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Steps to take after discovering a construction defect

Years go by from the moment a Florida developer decides to build condominiums to the moment the project is finished and units are put onto the market. A sense of relief typically washes over the developer, general contractor, subcontractors, designers and others who were deeply involved in the venture. But that feeling can be fleeting.

Far too often, reports start trickling in about problems with some of the condos. Contractors will often fix those at their own expense ASAP, while condominium owners' associations experiencing more significant construction or design defects often find that developers and contractors resist efforts to get the to address the issues. After all, more time and money are involved in addressing those more complex defects.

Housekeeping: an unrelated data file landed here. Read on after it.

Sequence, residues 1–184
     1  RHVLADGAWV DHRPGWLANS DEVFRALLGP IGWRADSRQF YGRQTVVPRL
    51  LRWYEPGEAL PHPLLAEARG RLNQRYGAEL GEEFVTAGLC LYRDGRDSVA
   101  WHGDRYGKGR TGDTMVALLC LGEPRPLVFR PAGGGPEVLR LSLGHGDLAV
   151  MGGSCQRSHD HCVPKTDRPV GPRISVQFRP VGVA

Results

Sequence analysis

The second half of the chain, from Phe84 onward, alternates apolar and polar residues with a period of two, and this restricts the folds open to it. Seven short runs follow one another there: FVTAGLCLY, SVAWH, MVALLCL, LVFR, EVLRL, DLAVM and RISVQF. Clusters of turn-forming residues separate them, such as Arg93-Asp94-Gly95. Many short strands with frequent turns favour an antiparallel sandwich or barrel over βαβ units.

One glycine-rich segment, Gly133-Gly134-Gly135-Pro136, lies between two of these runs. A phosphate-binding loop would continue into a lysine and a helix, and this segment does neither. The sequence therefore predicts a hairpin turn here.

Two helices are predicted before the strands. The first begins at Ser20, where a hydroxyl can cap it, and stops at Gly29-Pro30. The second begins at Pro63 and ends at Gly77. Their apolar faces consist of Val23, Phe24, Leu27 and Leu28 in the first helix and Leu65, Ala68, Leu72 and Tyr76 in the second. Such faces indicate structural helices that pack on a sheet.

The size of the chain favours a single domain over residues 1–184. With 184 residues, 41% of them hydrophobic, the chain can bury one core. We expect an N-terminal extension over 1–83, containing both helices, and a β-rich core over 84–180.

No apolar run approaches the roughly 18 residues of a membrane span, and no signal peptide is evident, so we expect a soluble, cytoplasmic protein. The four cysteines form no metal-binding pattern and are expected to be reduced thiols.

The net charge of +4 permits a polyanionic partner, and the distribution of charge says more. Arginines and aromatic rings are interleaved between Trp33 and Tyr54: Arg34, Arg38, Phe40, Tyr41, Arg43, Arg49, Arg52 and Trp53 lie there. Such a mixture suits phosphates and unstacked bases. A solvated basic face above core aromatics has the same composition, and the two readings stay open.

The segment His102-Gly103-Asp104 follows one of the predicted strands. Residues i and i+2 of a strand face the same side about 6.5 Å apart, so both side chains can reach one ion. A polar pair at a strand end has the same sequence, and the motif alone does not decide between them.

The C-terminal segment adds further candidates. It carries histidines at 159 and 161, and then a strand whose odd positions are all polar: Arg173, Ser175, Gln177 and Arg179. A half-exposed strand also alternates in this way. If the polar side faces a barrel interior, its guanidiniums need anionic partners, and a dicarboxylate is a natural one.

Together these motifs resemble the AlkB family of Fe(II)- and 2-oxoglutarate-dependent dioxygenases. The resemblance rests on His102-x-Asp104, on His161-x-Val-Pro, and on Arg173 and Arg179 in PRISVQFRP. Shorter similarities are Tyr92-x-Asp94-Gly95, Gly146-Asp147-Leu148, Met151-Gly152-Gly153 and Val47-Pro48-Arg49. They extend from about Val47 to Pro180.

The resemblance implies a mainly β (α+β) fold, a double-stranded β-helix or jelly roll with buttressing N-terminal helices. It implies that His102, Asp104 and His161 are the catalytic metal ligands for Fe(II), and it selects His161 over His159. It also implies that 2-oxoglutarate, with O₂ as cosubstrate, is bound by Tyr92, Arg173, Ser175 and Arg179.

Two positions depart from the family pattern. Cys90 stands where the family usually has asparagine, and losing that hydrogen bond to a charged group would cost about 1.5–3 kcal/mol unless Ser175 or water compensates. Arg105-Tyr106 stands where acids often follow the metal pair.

That is when it becomes important for condo associations to manage the problems carefully and correctly to ensure that defects are fixed by the contractor or to ensure that owners are compensated for costs of repairs they undertake themselves.

We recently read an article that went over some of the steps to take and things for associations to remember as they discover construction defects.

One of the most important things to remember is to hang on to evidence of the problems. So after the association has discovered a problem and notified the developer and contractor about the problem, and given them the chance to fix it, allow them the chance to inspect the structure and defect before any steps are taken by the association or condo owner to fix the issue. A failure to preserve evidence could result in a court later entering a spoliation instruction.

What's a spoliation instruction? It is an instruction by the court to a jury that it can presume that the destroyed evidence would have been unfavorable to those who destroyed it. In this case, the condo owners association.

We'll take a look at more steps to take to ensure defect repairs or compensation in a future post.

Those facing construction defect disputes should contact a Florida law firm experienced in protective construction litigation.

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